SplashArt Kit 2 ~ Review
I love photographing drips and over the years I’ve made one or two videos about how it’s done. However the SplashArt kit 2 offers to take drip photography to a professional level.
Getting good photos of water drips isn’t that hard to do, in fact one of my most watched videos covers how to get great photos of basic drips. However the one thing I’ve always wanted to capture is a collision and always failed to do so. The SplashArt kit promises to do exactly that with precise control.
What’s in the kit
The good news is the kit contains everything you need, all you need to do is add water and a camera of course. The heart of the splashArt kit is the controller which is used to trigger the camera and release the drips. The other vital part of the kit is the solenoid which is basically an electronic tap but you also get all the cables you need including the trigger cable that’s compatible with your camera model.
If you’re a UK buyer you can also buy the kit with a metal retort stand and arm. The retort stand took me straight back to my days in the chemistry lab at school and the arm does look like something out of a plumbers merchants but it works perfectly.
Setting up the SplashArt kit was very simple with some nice touches. For example there are three cables to be connected but each cable has a different connector, so there’s no chance of accidently wiring your camera to the mains!
My only complaint is that none of the four dials on the controller are labelled or have scale markings. That made getting up to speed with the unit a little more tricky for the first time user like me.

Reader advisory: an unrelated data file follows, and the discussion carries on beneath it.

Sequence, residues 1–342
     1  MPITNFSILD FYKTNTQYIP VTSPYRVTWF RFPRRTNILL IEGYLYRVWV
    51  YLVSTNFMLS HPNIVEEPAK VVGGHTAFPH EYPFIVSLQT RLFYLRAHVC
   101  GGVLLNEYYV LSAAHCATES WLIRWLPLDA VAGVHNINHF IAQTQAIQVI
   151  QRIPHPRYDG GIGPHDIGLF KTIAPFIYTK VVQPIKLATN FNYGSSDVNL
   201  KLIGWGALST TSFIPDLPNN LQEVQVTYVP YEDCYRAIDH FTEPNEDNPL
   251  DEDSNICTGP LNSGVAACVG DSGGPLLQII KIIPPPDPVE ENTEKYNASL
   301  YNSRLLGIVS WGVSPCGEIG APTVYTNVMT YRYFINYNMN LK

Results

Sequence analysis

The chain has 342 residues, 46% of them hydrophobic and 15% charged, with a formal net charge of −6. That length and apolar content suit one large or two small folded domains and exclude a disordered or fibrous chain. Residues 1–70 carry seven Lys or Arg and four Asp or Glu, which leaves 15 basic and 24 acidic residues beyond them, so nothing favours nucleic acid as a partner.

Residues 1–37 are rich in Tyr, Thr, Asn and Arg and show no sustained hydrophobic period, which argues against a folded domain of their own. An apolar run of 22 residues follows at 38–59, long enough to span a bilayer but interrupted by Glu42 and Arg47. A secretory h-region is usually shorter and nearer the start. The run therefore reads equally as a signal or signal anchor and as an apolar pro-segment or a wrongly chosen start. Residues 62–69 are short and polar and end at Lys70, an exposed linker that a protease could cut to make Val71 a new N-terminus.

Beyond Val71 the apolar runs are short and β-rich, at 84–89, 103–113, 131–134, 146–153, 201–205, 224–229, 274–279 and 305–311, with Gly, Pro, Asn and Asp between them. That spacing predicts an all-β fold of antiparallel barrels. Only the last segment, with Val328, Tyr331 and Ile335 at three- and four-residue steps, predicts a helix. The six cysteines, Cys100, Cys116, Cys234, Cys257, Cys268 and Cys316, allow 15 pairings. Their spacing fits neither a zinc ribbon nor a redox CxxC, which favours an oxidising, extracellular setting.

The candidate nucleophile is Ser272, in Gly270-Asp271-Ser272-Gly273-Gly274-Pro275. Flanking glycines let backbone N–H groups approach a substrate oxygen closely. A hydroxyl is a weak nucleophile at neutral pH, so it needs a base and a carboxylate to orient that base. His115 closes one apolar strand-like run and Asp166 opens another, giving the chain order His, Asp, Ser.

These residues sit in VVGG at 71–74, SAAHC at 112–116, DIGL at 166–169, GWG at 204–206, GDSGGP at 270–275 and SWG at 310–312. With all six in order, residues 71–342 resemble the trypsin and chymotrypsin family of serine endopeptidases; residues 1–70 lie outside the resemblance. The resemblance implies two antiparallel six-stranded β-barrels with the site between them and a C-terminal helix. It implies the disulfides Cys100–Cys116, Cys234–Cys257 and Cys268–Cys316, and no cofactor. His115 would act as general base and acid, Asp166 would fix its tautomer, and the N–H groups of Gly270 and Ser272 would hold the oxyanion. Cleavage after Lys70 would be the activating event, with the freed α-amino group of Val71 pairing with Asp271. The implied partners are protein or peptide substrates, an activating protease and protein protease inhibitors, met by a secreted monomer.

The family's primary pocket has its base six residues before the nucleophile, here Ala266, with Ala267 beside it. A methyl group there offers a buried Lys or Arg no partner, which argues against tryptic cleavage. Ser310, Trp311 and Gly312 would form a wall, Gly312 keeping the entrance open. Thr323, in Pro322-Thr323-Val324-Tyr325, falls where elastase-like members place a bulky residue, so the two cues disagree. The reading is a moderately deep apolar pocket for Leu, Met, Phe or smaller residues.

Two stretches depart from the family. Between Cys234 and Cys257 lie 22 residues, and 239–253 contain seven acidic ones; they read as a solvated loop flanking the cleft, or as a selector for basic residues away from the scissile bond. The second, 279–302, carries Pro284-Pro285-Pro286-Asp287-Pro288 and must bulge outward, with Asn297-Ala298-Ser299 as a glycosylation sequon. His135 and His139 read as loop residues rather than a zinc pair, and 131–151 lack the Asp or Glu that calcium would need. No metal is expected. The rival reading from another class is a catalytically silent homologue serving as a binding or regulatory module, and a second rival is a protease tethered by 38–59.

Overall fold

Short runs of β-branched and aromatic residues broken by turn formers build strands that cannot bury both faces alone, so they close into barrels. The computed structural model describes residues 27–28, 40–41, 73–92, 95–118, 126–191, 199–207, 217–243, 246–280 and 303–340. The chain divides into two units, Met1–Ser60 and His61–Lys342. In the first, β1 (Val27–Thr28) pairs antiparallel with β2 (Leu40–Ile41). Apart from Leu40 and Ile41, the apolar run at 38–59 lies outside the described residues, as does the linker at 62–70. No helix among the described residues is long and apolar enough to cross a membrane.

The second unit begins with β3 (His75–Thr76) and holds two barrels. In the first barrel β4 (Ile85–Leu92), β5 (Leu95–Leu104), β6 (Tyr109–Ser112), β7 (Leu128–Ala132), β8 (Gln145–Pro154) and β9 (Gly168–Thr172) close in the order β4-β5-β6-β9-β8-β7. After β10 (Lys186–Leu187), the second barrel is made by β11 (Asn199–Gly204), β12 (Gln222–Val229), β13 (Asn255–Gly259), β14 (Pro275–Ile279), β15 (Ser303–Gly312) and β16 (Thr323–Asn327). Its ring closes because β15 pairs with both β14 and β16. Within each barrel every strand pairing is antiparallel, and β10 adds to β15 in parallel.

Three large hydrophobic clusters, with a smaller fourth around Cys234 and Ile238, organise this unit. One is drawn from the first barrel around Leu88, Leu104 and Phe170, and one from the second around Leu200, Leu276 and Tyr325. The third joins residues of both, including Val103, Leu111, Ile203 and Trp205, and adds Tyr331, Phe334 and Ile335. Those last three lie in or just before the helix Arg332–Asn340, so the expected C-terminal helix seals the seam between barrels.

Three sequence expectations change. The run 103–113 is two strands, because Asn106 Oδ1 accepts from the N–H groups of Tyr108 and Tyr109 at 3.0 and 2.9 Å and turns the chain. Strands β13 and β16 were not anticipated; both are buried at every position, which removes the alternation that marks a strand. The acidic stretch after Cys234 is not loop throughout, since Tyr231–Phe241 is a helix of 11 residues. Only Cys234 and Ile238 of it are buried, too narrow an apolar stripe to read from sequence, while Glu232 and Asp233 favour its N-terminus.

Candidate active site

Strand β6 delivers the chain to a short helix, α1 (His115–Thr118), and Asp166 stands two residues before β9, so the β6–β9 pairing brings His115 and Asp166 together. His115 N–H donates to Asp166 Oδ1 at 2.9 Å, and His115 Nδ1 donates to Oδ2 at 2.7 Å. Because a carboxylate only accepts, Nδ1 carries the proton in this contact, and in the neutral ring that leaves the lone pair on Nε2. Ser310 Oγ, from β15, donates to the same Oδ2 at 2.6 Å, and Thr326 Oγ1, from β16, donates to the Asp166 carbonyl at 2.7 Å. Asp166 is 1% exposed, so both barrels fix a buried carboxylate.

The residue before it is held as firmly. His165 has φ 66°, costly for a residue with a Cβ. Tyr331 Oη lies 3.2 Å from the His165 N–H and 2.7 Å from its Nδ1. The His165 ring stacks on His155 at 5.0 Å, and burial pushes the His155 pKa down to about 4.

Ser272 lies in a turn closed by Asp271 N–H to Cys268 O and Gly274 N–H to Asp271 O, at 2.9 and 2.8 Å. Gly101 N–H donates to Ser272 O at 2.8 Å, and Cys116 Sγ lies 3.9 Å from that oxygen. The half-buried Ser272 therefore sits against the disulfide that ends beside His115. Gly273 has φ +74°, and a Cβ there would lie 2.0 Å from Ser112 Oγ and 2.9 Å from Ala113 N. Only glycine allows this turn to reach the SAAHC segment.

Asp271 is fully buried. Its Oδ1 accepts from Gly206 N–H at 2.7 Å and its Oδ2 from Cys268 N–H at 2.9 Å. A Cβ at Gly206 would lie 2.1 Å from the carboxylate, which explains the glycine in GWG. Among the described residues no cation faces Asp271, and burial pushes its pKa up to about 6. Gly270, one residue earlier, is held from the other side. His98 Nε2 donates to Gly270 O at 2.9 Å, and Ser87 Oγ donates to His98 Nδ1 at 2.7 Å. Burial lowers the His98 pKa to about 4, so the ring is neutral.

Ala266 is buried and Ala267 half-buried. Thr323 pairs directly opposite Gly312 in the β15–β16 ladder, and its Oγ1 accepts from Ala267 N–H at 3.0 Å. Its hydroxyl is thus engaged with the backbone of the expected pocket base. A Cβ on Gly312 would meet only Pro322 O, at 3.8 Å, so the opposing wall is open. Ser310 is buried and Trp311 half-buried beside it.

Of course the big question is how did it perform? Well, after an initially frustrating 10 minutes of missing the magic collision I managed to find the perfect combination of settings for the dials and I was off.
20 minutes later I had dozens and dozens of amazing collision shots in the bag.
Part of the allure of a kit like this is the predictability of the system and the SplashArt kit excelled here. Take a look at the six photos below. They were taken one after the other and although each is different the timing was perfect shot after shot. Just don’t change anything once you have the look you want!
Who’s it for
At nearly £180 this kit is great value but it’s not for everyone. You’ll need to be fairly serious about your splash photography in order to warrant the money. Moreover, once you’ve mastered the art of capturing splash collisions you’ll need to be resourceful in the creativity department to come up with more uses.
That said there are plenty of alternatives for you to explore. Water can be replaced with milk, paint or any coloured liquid you can get your hands on. Each has it’s own style of splash.
I loved using the SplashArt 2 kit and it’s a keeper for me. At £180 it’s not cheap but it’s hardly expensive either. OK so there’s no markings on the dials and from time to time it would miss a drop but in the space of 30 minutes I went from never having captured a splash collision to having dozens of them… and they were all brilliant!